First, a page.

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What Is The Song In The New Apple iPhone TV Commercial?

Apple started Black History Month off right with a new Apple iPhone commercial. The video features a photogenic cast of black people, all professionally captured by black photographers ... and Apple's iPhone 12 Pro. Each photograph shines a light on Black culture and the subjects' hometowns, all accentuated by a stylish song that repeats lyrics about life in the sunshine and how everyone loves said sunshine.

Even though the video and its pictures will put a smile on your face, the song will put a worm in your ear. It's just that catchy and falls in line with tunes from other Apple commercials, such as "Behind the Mac – Greatness" — as well as unrelated ads like the Mercari and Doritos super bowl commercials, which also featured catchy songs by popular artists. So what is the Apple commercial's song, and more importantly, what is its significance?

It's called "Everybody Loves the Sunshine," and its by the classic 1970s artist Roy Ayers, one of the most memorable singer-songwriters of the decade.

The song is 'Everybody Loves the Sunshine' by Roy Ayers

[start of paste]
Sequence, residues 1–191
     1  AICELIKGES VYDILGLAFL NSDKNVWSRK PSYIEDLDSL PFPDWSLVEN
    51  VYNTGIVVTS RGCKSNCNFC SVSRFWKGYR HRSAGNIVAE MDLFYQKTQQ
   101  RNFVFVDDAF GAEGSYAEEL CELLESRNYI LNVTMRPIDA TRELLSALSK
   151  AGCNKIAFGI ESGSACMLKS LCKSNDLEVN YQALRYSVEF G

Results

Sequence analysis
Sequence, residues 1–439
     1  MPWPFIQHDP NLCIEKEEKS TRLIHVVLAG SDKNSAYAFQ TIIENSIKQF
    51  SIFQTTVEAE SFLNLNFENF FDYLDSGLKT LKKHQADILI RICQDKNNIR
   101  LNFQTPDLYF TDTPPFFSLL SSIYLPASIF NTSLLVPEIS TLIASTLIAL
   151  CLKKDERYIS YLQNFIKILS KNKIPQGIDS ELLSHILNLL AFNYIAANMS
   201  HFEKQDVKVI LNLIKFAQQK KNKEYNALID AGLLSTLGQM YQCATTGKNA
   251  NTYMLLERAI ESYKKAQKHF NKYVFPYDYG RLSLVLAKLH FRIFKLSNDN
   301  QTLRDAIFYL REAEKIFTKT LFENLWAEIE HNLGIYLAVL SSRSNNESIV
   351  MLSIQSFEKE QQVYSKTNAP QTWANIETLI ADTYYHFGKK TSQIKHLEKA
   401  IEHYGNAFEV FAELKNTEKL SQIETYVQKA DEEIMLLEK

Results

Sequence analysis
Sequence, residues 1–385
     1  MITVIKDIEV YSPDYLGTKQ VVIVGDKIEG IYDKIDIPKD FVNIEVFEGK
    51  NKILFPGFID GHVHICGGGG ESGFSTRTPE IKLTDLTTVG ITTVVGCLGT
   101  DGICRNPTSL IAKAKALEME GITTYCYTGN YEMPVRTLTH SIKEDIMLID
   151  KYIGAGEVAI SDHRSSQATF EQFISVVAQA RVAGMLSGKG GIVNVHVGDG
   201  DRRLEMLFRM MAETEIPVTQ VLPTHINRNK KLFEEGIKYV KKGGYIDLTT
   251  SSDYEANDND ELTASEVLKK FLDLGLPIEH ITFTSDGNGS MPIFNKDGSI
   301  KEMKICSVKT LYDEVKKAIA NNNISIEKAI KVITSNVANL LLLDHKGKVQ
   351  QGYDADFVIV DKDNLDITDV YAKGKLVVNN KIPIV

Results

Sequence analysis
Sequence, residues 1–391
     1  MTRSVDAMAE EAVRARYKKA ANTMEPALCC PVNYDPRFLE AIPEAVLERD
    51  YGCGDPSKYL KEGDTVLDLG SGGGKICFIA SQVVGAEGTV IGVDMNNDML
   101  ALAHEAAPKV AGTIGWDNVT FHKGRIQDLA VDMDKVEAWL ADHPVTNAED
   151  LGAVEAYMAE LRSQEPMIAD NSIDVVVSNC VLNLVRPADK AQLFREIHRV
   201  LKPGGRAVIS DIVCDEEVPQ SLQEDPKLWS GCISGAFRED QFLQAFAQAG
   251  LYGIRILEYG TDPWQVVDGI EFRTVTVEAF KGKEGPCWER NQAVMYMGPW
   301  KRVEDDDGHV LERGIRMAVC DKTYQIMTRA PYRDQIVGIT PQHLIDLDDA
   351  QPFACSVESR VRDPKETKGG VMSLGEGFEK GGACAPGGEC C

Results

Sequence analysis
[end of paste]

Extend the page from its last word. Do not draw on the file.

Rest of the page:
Since sunshine and its positive effect is a recurring theme in the video's song, it makes sense that the sun gets top billing in the track's title.

Ayers' band, Roy Ayers Ubiquity, released "Everybody Loves the Sunshine" as part of a 1976 album by the same name. The track lit up the airwaves and was the 51st most popular song at the end of October, 1976 (via Billboard). Pitchfork, the online music magazine, placed Everybody Loves The Sunshine on its "200 Best Songs of the 1970s" list at a respectable 72nd place.

During an interview with The Guardian, Roy Ayers revealed that he got the idea for Everybody Loves The Sunshine after spending a hot and sunny day recording in Jimi Hendrix's studio. The phrase "everybody loves the sunshine" popped into his head, and he wrote a song around it, then recorded and pitched it to a record company. The company execs loved the tune because, well, everybody loves the sunshine.

Apple's choice of music is fitting for a video meant to bring audiences together in their love of black history, photography, and Apple products.